Gross Domestic Product growth has been erratic since 2005. The headline value, the annualized "What If" value has struggled to stay above the 3.0% level. This value is the rate of growth we would see during a year if the economy grew at the same pace for four consecutive quarters. We have achieved four consecutive quarters above 2.0% as of last quarter. this was the first time we had done that since 2005. The early data was pointing toward a seriously strong GDP number based on strong retail sales, strong Gross Private Domestic Investment numbers, solid durable goods data, improving export data, and even higher government spending. The GDP forecast article expressed some concern that a slightly lower level of federal government spending during Q2 as compared to Q1 could drag down the GDP number. The government does not publish "seasonally adjusted " outlays when the monthly Treasury report is released.
Headline Number of 4.1%. We have had five quarters of headline growth over 2.0%. Even after the downward revisions to the data for the second, third, and fourth quarters of 2017, the data was at 3.0%, 2.8%, and 2.3%. This quarter we logged a rate of 4.1%, which fell between the 4.0% and 4.5% range projected by this column. Last month the headline number was originally published at 2.0% with Personal Consumption Expenditures (PCE) increasing by 0.9%. The 2018Q1 PCE value was revised LOWER to a growth rate of 0.5%. This does not make sense based on the seasonally adjusted MARTS data. The Gross Private Domestic Investment (GPDI) data was revised up from 7.5% to 9.5%. The exports data was unchanged at 3.6%. Imports were revised up from 3.0% to 3.2%. Government Consumption Expenditures (GCE) was revised higher from 1.3% to 1.5%. (2018Q2 Advance GDP Report can be found here.)(2018Q1 Final revisions can be found here.)
The four components this month were firing on all cylinders. PCE was at 4.0%. GPDI was supposedly at a negative 0.5%.That doesn't make any sense based on durable good and the "value in place" data. This will be revised higher. Exports were up 9.3% while imports were up 9.5%. Government spending was up 2.1% Even though imports exceeded exports, and even though the advance number for GPDI was negative, this was solid data. We almost always have one quarter, per year, of negative GPDI. Last quarter we grew at 9.6%. a drop should have been foreseen.
The revisions went back to 1929? The revisions , by quarter, were only published back to 2012. They revised all the data? Let that thought be absorbed.
How are we doing compared to the Second Quarter GDP from last year? There is a second GDP value that hardly receives any attention, the same quarter growth data. There can be considerable volatility in the quarter to quarter data. Someone could spend a huge amount time, energy, and money researching the changes from 1929 through 2017. What is interesting in the published data is that this data also saw upward revisions to the 2016 data and downward revisions to the 2017 data. We still have eight months of improving data. The notable changes are that the 2016Q2 data is not as low as it was just last month, and the data for the first, second, and fourth quarters of 2017 were revised lower. Is there politics involved with the GDP reporting of data?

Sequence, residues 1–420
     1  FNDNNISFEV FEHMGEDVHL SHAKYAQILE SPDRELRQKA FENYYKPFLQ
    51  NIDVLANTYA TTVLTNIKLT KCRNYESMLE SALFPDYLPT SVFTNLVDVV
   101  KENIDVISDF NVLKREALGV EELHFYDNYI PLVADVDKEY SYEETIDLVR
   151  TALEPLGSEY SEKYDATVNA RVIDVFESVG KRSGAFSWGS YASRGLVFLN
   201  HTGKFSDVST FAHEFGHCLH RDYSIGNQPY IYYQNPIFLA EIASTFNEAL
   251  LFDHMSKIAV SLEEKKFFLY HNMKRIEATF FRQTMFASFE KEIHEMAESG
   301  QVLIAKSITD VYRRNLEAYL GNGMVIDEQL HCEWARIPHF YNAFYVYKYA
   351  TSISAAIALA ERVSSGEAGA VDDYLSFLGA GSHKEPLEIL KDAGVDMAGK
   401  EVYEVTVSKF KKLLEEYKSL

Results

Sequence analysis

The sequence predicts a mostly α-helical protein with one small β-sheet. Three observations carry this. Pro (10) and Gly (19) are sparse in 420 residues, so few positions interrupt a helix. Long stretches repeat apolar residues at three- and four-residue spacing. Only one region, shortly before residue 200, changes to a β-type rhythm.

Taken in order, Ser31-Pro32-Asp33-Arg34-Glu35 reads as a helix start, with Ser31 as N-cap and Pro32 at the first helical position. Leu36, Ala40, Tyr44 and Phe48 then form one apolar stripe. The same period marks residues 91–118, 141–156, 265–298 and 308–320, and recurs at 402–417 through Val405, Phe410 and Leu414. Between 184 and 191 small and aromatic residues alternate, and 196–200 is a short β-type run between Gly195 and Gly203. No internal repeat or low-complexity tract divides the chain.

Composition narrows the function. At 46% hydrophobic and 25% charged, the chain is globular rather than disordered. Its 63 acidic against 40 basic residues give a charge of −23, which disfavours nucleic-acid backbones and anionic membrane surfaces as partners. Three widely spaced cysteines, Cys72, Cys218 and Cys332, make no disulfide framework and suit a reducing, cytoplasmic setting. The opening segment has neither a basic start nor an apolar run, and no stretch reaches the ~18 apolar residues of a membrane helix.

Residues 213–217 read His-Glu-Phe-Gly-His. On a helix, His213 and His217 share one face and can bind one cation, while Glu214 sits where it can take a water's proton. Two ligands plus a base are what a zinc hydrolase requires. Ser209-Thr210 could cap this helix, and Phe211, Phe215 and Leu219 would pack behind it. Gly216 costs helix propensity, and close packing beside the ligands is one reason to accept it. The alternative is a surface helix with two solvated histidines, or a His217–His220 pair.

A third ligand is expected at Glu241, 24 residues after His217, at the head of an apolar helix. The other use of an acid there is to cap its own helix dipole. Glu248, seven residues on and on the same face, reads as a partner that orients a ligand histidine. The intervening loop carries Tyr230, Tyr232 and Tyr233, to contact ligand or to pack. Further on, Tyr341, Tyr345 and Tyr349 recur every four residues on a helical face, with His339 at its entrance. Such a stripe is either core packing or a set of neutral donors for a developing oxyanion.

The four components saw revisions in both directions. PCE was revised up from 2.0% to 2.5%. GPDI was revised down from 7.5% to 6.2%. It could be because the 2017Q2 GPDI was revised up from 3.9% to 4.5%. By comparison, GPDI was revised up from -2.7% to -2.5%. This is substantial. Exports for 2018Q1 were revised up from 3.6% to 4.3%. Imports were revised from 3.2% to 5.0%. GCE was revised down from 1.3% to 0.7%. All were still positive. All are still positive.
This data was also supposedly revised back to 1929. How can we get insight from data that is nearly 90 years old? How can we revise data that is nearly 90 years old? What is apparent from the revisions to the annualized data and the same quarter data is that President Obama had a "better" final year in office and President Trump had a "worse" first year in office than was originally reported. The changes to the data are subtle. Changes to prior data impacts the growth during the most recent quarters. AS always, watch the data, watch the growth rates, and watch the revisions.
This was a solid GDP report. The trailing data, the same quarter data, is showing constant improvement. It was thought that we would break the 3.0% barrier this quarter. We have two more revisions and an annual revision or seven to get there. The annualized, quarter to quarter data, was expected to grow between 4.0% and 4.5%. The official value was 4.1% even after the data from 2018Q1 was revised from 2.0% to 2.2%. This upward revision "borrowed" some growth from the 2018Q2 data. Was it 4.3%? Will the data be revised higher next month? Time will tell.
It's the economy.
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